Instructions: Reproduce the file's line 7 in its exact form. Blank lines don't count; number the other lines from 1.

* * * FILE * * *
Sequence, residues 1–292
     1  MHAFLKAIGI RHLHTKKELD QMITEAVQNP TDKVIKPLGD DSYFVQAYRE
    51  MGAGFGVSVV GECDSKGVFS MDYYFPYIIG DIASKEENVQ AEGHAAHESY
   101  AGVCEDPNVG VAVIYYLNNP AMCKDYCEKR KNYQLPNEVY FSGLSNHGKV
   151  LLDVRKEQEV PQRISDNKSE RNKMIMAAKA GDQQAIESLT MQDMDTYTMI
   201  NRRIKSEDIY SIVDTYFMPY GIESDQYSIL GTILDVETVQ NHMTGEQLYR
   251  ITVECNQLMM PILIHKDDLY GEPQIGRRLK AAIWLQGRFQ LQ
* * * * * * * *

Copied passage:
   251  ITVECNQLMM PILIHKDDLY GEPQIGRRLK AAIWLQGRFQ LQ